BB52/2 The Caving Secretary will be very glad to receive suggestions concerning what caves should be included in the trip cards and what, if any, special exploration and surveying activities should be undertaken by the Section. Apart from the main cave index, the Section is trying to compile a detailed index of the small caves on Mendip and near Bristol. If any members have a sound knowledge of these little known holes, they are asked to pass it on to Mervyn Hannam. LONDON SECTION DINNER. The London Section held its Second Annual Dinner at the Atlas Hotel on Saturday, December 8th, and a good time was had by all. All fourteen members and guests arrived in good time and condition, and, in due course, left . . . . also in good condition. The least important part of the Dinner – the dinner was suitably up to standard and met with general approval. (D.A.C.) then proposed "The King" after which “our energetic and hard?-working Secretary'' sprang his usual surprise and called on R. Setterington to propose "The B.E.C.", to which Johnny Payne replied. Bill Mack then proposed "The London Section” W.J.S. took it upon himself to reply to this, thereby being at a great advantage as the only speaker who had been warned of his fate. Pongo Wallis proposed "The Caving Fraternity", taking a poor view of the serious outbreak of matrimony in the Club, and the future Mrs. Coase replied. The serious business of the evening then began, but regrettably desire outran performance. It was concluded that this was due to the large quantity of food consumed; at all events, a considerable quantity of assorted refreshment was still unconsumed at 10.45 when we were finally flung out. We hope that another function will be held in twelve month’s time and will be equally successful. 1951 PHOTOGRAPHIC COMPETITION The rules for the 1951 photographic competition have now been drawn up, and are set out below. Prizes will be awarded in each of the groups A) and B), at the discretion of the Committee. The actual value of the prizes will depend on the total number of entries received, but will probably be about the same in value as last year. RULES 1. The Competition will be in two sections: a. Cave Photographs b. Club Activities 2. The Competition is open to all members of the B.E.C., except the Judges. 3. Prints must be of post-card size or larger, and may be mounted or un-mounted. Each print must have the Entrant’s name and title on the back, together with any technical details that are available. 4. An entry fee of 6d. must accompany each print. Any competitor may enter as many prints as he likes. 5. Prints may be either the entrant’s own work, or ay have been processed professionally. They must, of course, have been taken by the entrant. 6. Each print must, be accompanied by an addressed label for return to the entrant. 7. Entries may be handed in at the Club meetings on Thursday evenings, up to and including Thursday, 10th January, 1952 or may be posted to reach W.J. Shorthose, 26, Gateside Road, Upper Tooting, London, S.W. 17, not later than Saturday 12th January.. 8. The judges swill be D.A. Coase and W.J. Shorthose. 9. The result will be announced, and the prints will be on view, at the Annual general Meeting and the Annual Dinner on 26th January.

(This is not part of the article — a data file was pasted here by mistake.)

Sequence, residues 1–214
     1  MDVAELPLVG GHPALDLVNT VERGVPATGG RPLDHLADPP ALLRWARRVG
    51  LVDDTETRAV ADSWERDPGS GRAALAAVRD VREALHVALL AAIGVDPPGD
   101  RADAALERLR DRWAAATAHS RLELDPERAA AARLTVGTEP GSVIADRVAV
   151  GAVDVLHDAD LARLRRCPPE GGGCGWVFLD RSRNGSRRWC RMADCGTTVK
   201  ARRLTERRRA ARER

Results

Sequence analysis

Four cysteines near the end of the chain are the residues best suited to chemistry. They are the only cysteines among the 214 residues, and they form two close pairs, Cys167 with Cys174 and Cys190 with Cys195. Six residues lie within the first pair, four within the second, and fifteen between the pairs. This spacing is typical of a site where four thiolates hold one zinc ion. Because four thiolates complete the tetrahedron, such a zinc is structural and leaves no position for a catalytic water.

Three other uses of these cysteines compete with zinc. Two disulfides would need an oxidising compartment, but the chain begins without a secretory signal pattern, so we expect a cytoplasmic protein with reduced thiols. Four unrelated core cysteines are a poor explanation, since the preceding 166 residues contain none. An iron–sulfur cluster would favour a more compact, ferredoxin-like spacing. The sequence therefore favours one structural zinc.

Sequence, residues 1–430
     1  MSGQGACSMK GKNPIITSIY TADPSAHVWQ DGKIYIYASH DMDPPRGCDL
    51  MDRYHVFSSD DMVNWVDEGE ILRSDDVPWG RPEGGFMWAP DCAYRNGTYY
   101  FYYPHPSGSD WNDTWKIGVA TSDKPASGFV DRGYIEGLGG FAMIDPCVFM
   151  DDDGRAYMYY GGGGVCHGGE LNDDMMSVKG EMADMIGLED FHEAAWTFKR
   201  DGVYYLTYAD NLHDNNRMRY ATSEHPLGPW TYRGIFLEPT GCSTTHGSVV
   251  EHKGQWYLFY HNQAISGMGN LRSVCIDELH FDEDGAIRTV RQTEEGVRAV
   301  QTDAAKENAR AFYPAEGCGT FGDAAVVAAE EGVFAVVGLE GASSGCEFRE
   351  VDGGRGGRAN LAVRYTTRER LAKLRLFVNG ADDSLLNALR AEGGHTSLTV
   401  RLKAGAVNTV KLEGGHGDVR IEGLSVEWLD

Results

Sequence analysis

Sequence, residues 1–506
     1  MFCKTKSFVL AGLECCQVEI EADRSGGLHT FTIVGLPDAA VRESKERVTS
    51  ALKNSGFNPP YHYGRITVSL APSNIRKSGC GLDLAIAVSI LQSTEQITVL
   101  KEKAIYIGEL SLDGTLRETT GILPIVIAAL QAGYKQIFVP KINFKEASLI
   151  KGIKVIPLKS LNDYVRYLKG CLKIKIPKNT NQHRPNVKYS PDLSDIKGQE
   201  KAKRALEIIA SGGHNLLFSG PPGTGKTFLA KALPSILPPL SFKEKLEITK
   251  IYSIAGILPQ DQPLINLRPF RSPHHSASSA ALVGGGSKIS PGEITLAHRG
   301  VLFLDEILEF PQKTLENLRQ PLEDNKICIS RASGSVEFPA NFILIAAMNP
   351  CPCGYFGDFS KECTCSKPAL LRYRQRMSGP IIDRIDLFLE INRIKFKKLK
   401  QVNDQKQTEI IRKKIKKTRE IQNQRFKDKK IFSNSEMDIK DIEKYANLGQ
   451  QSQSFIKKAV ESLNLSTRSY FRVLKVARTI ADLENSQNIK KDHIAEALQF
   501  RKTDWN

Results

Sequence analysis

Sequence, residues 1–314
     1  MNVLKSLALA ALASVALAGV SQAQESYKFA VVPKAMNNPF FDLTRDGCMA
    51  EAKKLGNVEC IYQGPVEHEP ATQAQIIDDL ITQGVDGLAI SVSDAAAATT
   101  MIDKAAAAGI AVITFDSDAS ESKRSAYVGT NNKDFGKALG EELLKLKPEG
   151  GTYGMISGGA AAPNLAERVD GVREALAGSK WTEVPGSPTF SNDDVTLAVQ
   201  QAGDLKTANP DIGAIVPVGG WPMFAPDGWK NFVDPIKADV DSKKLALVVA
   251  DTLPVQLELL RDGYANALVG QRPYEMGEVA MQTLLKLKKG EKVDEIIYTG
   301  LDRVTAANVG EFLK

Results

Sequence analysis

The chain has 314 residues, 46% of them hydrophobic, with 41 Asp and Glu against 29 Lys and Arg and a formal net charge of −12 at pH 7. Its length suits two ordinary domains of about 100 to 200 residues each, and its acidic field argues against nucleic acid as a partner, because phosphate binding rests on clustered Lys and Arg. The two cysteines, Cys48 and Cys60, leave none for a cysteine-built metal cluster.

BB52/3 FORTHCOMING MARRIAGE Hearty Congratulations to Stan Herman and M. Pillinger, two more members who have decided to take the plunge. While on this subject Bobby Bagshaw and his ‘Dark Horse’ wife wish to thank members very sincerely for the handsome wall clock given to them as a consolation prize. PLANNING A MOTOR-CYCLING TRIP IN FRANCE. PART II by R.A. Setterington. Make arrangements to pick up your companions and get to the A.A. or R.A.C. port office in good time to collect your boat tickets. Drive down to the customs shed, filling up with petrol on the way, and get the bike examined and all the necessary forms stamped and handed in. Drive down to the ship and close your eyes while they load the bike. Once on board, wait for the public address system to announce that landing tickets can be collected, do so and fill them in. If you smoke, buy some English cigarettes, though if you run out later ‘Balto’s’ make quite a smokeable substitute. When you dock, go through the customs and get your passport stamped. Your motoring organisation will look after the customs of the bike, but you will probably have to pay a dock landing charge. As you leave the dock you will be reminded to drive on the right. This is a bit queer at first, but you soon get used to it. It is a good system to park the bike always on the right side of the road, then you don't forget as you start up. The majority of the road signs are self-explanatory, but it can cause a few hectic moments when a sign saying "Virage Dangerouse” looms up, and after a quick hunt in the dictionary you find it means dangerous double bend. The best method of eating is to have a snack at mid-day, say of bread and cheese and fruit purchased somewhere en route, and a slap up dinner in the evening. Avoid Paris and the big cities and eat in a restaurant in a small village somewhere. Since the evenings are not very long, even at midsummer (it is quite dark by nine o’clock) it is best to start looking for a camping site at about six o’clock. When you find a good spot (the locals can be helpful here) pitch the tent and have a wash and brush up. Then motor into the nearest village and pick an average looking restaurant, probably the only one, and ask if you can have dinner, and at what time. They will almost certainly say "Yes, what do you want?" The best answer is “We’re hungry, but we leave the details to you”. Some of the motor-cycling books on the subject recommend you to enquire the price first, but this smacks of mistrust and is not necessary in the smaller restaurants. By the way, when choosing an eating pace, Hotel means hotel, Restaurant means restaurant, but a cafe supplies only drinks and snacks. You will find that the French are all for tourists, but you won't get anything on the cheap from them. Even when you announce that you are English speleologists particular interested in that cave’s speciality they may make the cave more interesting and show you some of the non-tourist parts, but they will still charge you the full entrance fee. Don’t bank on the weather being good all the time although in summer it will be reasonably warm even if wet. The best wear is normal clothes and flying suit, gloves and goggles. A pair of sun glasses is a ‘must’ when the sun is shining. For wet weather carry a lightweight anti-gas suit, or equivalent, and a pair of oilskin boots. Don't forget to put trousers outside boots and jacket outside trousers and gloves. Always use ‘Super Carburant’ petrol and a heavy oil. Mobil oil ‘B’ in France is an S.A.E. 50 oil. Don't be afraid to speak French as soon as you land. You will have to sooner or later, so you may as well start then. Never, if you can possibly avoid it, drink water, especially from a stream. Coffee and tartins for breakfast, Citronade glace at midday, and wine with the evening is a good routine. Don’t drink wine at midday if you are driving during the afternoon, and don't drink vintage wines, they can be as expensive as in England.